Humility, like any skill, is developed with practice. For most people, it’s not something that flows naturally. So how do we develop it?

Humility is a heart posture, an intentional bowing low before another – God and man – while secure in your own worth.

~ Jessica Bates, GrowingFierce

How do we practice that?

Warning Lights

The first step is recognizing when our pride flares and humility is needed.

A practice I got into early on in my growth journey was noticing: notice what you notice. Our emotions can’t run the show – as one person said, they make terrible businesses managers – but they are good indicators. Like the check engine light on a car, they pop up to tell us something is wonky under the hood.

When my thoughts or emotions pop up in a defensive, threatened, or offended way, I start asking myself, “why?” Why is this a problem? Why does that statement make me feel threatened? Why am I defensive? Or the like. You may not always have the answer but taking a moment – even later on – to ask yourself the WHY behind what you’re feeling can help you unpack the pride and/or fear or insecurity or whatever may be underlying those feelings.

For me, one of the most frequent issues is insecurity. That flash of my emotions is screaming to be seen, to be heard, to know I matter. It says, “what about me?!” And it poisons my ability to bow my heart low before those around me, who often times feel the same way.


Humility creates the opportunity for real connection. When we interact with others humbly, they are able to see that we value them and their perspective through our words, our tones, our posture, etc. The way we communicate communicates how we care.

And sure, it’s easier to do with people you respect, agree with, or admire. But true humility isn’t about elevating others, it’s about acknowledging their inherent worth and bowing our hearts low in honor of that.

Do nothing fromselfishness or empty conceit, but with humility of mind regard one another as more important than yourselves; do not merely look out for your own personal interests, but also for the interests of others. 

Philippians 2: 3-4 NASB

There’s no qualifier in there. No “if you like them,” or “if they’re important in the world’s eyes,” or any “if” at all! Don’t merely look out for your own stuff, look out for the interests of others. Regards one another as more important than yourself. Honor each other, no matter what.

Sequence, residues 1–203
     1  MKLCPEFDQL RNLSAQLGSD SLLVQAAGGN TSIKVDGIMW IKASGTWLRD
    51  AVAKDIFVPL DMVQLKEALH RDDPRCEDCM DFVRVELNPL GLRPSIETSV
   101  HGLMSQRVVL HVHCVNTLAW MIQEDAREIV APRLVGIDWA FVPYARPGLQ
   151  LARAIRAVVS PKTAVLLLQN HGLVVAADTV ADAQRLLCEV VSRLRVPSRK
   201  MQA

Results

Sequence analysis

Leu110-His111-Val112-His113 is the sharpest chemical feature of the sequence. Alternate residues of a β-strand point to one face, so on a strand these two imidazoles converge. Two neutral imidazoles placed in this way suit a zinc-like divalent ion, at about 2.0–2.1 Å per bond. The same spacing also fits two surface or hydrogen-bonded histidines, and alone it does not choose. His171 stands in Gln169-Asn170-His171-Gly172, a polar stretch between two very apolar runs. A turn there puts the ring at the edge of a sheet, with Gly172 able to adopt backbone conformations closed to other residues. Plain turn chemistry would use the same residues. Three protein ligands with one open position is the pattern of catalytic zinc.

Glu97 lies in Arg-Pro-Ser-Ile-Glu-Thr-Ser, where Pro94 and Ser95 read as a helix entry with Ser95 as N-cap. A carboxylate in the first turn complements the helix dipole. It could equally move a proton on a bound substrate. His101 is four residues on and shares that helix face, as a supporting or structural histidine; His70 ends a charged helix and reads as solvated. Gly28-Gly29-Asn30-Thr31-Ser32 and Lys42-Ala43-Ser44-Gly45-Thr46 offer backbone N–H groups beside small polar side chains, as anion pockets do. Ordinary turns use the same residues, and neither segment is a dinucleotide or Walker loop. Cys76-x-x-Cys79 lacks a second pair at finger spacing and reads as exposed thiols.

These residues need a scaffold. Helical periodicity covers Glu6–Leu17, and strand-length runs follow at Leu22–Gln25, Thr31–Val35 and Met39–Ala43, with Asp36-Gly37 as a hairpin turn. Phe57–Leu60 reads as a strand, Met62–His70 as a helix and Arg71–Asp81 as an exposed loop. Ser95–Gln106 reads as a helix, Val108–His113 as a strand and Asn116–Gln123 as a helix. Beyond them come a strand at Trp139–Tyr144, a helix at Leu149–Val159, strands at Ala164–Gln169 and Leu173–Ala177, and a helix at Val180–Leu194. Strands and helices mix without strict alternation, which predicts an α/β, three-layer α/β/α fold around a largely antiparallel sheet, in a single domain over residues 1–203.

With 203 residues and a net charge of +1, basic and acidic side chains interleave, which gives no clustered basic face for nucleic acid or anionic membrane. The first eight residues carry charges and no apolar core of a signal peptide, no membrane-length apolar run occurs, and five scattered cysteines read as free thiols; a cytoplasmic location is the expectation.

It’s a tall order, and one that is contrary to how our modern society tells us is right or successful. But the connections and the relationships we gain and foster through humility are the ones that change our lives and theirs. They are the relationships that make a difference.

They are fierce.

Join the Journey

Journal Prompts: Get out your journal, or something you can write on. Let’s set up an scenario:

You’re the project lead for your company on a multi-group collaboration project. An email comes from a project partner, saying that they more comfortable working with another gentleman on your team. Your team is competent and trustworthy and the project is valuable. And, you’ve worked hard to earn the position as project lead. But a rejection of their proposal could mean the end of the collaboration and the loss of revenue.

  • What’s the first thought you have in response to their request?
  • What emotions does this bring up?
  • Take a moment to ask yourself, why? Where is that coming from?
  • What’s the most important thing here? The project? Your team? Your career? Your status?
  • What are your options? Are these temporary or permenant?
  • What might be the consequences of those scenarios?
  • What is the option that is most humble, or honors your partners and/or your team members?
  • What do you need to remember or remind yourself that might help you make the most humble choice?
  • If you pursue the humble course of action, what are the benefits? Are their risks or potential pitfalls?
  • How can you continue to honor your team and your partners moving forward?

How do you plan to practice this skill moving forward? Who might you need on your support team to help you continue this practice?


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